These abominable circumstances which have been confronted daily engendered despondence and desperation. In other words, debt economy deprived European citizens the future - as a time, as a choice, and a possibility - they had bought into and hoped for (Lazzarato, 2012). For example, Ιakovos reciting a mantinada (Cretan couplet) states:

Well, in this situation…when you are in it you do not see a tomorrow, because …if you say “a good day will come tomorrow” you have hope… “alack the man who doesn’t dream, who is pained and has stopped hoping that there is healing”…this is tragic for our society.

The descriptions of lived experience that the participants provided resemble what Naomi Klein (2007) dubs “shock therapy”- abrupt economic changes that produce a cascade of intended psychosocial reactions. After a widespread implementation of the “shock” therapy in the Global South and the Arab world, both the Southern hemisphere of Europe and Greece specifically constitute the first examples of applying these policies in the Global North (Kioupkiolis, 2014; Woestman, 2012).

For participants, this shock was connected to the abrogation of their daily life, perilous positioning, humiliation and the annulment of their developmental trajectories. They poignantly describe how, at this point in their lives, their losses were economic, social and emotional. The feelings expressed by participants elucidate their respective sense of ‘shock’:

They put you in buckram and you are 57 years old…you cannot get up or recover like someone who is 30 or 25 years of age would…this is very painful…you are exhausted and then they say to you “now is the starting point of the Golgotha.” (Nikos)

I was crying and saying “my whole life was there, all that I had achieved, and in one moment, you say to me, indirectly, not directly, ‘STOP’! I…who sacrificed so many hours… it is like they gave you (a punch) in your head and it broke…that was the shock…I fell apart. (Georgia talking about the shutdown of her business)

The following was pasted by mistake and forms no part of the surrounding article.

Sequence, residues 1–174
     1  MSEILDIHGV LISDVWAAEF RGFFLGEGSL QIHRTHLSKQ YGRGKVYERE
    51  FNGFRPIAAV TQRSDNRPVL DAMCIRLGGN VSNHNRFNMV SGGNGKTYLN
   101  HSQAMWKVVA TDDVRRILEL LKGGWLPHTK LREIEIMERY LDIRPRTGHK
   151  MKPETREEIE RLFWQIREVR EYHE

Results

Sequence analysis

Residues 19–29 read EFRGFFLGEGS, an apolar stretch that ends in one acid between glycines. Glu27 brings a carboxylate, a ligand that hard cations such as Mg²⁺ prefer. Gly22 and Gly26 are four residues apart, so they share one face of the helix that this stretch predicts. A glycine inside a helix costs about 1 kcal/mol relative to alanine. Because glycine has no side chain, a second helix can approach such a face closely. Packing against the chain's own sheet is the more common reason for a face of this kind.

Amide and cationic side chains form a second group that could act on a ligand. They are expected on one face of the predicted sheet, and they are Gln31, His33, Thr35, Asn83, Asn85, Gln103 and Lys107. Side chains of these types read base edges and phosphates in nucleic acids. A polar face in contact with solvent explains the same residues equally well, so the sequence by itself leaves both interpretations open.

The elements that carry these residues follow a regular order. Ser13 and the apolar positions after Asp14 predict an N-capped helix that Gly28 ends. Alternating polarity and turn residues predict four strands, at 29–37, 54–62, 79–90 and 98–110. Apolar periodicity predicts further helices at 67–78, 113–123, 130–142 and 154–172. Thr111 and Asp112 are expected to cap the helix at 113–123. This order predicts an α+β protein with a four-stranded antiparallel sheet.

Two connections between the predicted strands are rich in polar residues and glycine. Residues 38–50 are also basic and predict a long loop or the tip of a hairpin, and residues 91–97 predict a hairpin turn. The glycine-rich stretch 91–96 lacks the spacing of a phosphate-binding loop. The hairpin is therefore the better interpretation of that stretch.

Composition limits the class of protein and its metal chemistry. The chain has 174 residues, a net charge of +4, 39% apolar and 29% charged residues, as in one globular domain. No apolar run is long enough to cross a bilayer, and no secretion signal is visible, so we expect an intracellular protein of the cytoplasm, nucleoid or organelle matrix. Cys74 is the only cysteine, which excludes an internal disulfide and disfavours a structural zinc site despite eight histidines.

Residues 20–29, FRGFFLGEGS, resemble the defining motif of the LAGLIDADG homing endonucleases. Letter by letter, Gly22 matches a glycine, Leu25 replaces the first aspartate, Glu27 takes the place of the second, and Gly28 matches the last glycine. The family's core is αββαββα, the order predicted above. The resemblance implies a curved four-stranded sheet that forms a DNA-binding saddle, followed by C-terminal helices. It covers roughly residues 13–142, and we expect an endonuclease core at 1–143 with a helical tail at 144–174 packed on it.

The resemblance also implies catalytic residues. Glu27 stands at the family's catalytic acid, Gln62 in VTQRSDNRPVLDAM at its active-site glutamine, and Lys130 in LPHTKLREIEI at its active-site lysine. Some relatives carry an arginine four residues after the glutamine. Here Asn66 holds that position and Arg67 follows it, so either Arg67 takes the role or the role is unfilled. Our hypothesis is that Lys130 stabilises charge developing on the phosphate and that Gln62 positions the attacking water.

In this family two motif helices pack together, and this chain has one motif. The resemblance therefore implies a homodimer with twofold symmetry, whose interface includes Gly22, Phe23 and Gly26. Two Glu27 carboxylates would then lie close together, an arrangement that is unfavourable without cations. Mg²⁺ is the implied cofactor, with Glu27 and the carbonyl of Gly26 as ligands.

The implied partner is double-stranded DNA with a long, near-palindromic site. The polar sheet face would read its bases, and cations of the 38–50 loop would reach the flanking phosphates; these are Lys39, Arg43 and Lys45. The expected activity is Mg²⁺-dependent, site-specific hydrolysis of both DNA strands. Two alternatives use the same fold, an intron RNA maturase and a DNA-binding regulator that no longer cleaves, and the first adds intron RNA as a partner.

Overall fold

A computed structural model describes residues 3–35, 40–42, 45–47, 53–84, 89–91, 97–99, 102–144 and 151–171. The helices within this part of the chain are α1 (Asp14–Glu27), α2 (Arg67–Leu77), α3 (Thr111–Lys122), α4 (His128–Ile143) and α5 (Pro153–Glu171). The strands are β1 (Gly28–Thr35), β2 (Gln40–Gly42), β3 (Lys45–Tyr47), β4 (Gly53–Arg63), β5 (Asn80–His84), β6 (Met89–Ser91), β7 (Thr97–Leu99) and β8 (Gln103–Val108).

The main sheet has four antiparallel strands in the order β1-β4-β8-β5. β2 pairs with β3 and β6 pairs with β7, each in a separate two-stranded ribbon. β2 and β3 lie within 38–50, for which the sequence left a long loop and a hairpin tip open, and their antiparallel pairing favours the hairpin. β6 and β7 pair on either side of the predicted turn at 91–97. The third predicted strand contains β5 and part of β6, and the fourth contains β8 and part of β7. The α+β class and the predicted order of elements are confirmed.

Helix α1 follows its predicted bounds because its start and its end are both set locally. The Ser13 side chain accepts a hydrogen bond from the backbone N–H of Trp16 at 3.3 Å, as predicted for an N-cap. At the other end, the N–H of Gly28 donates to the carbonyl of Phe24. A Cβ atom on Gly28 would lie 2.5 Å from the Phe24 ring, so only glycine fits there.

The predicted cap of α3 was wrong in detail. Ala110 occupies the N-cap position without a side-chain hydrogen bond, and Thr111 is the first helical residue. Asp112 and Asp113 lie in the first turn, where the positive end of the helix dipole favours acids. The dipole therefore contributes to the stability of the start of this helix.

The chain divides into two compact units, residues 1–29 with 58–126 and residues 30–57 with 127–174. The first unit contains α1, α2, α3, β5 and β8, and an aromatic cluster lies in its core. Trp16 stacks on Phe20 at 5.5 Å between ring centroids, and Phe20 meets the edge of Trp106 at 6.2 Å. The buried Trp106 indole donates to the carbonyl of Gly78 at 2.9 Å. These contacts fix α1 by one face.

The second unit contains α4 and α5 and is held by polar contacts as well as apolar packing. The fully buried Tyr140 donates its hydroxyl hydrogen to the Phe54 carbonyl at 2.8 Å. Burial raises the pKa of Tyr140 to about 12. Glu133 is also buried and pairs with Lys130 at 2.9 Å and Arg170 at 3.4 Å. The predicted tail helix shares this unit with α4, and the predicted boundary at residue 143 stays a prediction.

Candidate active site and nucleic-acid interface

Participants of this study can be considered as an ideal paradigm of what can be named as “indebted personhood” or what Türken, Carlquist, and Allen (2015) define as “morally failed indebted individuals”. Experiencing this debt crisis through the neoliberal individualist frame, debtors across the world have perceived themselves through the bizarre prism of the subjecthood of shame, guilt, and humiliation. This subjecthood - compatible with neoliberal governmentality - has been enabled and constructed through the main neoliberal technologies of the self (individualization of the social and responsibilization of the individual) and the dominant psychologizing discourses which attribute the debt problem to the personal characteristics of the debtor (Lazzarato, 2012; Walker et al., 2015). The risks of this crisis are socialized and externalized onto citizens, but the profits are privatised.

Mutual Anger Against the ‘Betrayers’ and the Need for Resistance [TOP]

These common impasses participants faced, the personal and national problems, the disappointment emanating from the political system, the loss of social status, the lack of control over their lives and their fears regarding their own and the generations to come futures, pushed them, for first time in their adult lives, toward collectively organized actions aiming at social reform. Their civic engagement entails becoming part of an “activist” network whose primary aim is suspending bank foreclosures of people’s homes. The aim of their political praxis depicts how they are not “dishonest” and that the onus of guilt and debt, personal or national, public or private, lies with governments, banks, and IMF. Hence, they bring debt to the forefront as a critical site of exploitation and political struggle.

The participation in S.A.O.R. and solidarity as recourse [TOP]

Most of the participants were small (family) business owners who had never before participated in social actions and movements. As Michalis, a bookstore owner who has filed for bankruptcy states “I was never involved and I hated common actions…everything related to common struggles…I didn’t want it, I was leaving”.

However, their need to feel socially productive has pushed them to find common answers for their common impasses. Anti-eviction groups, such as SAOR and PAH, have provided a sociospatial topos of communication, where indebted citizens and those who sympathize with them, encounter each other in a commonplace to make sense of the crisis and forge collective identity by challenging the mainstream narratives of indebtedness and comprehending the commonality of their indebtedness (Suarez, 2017).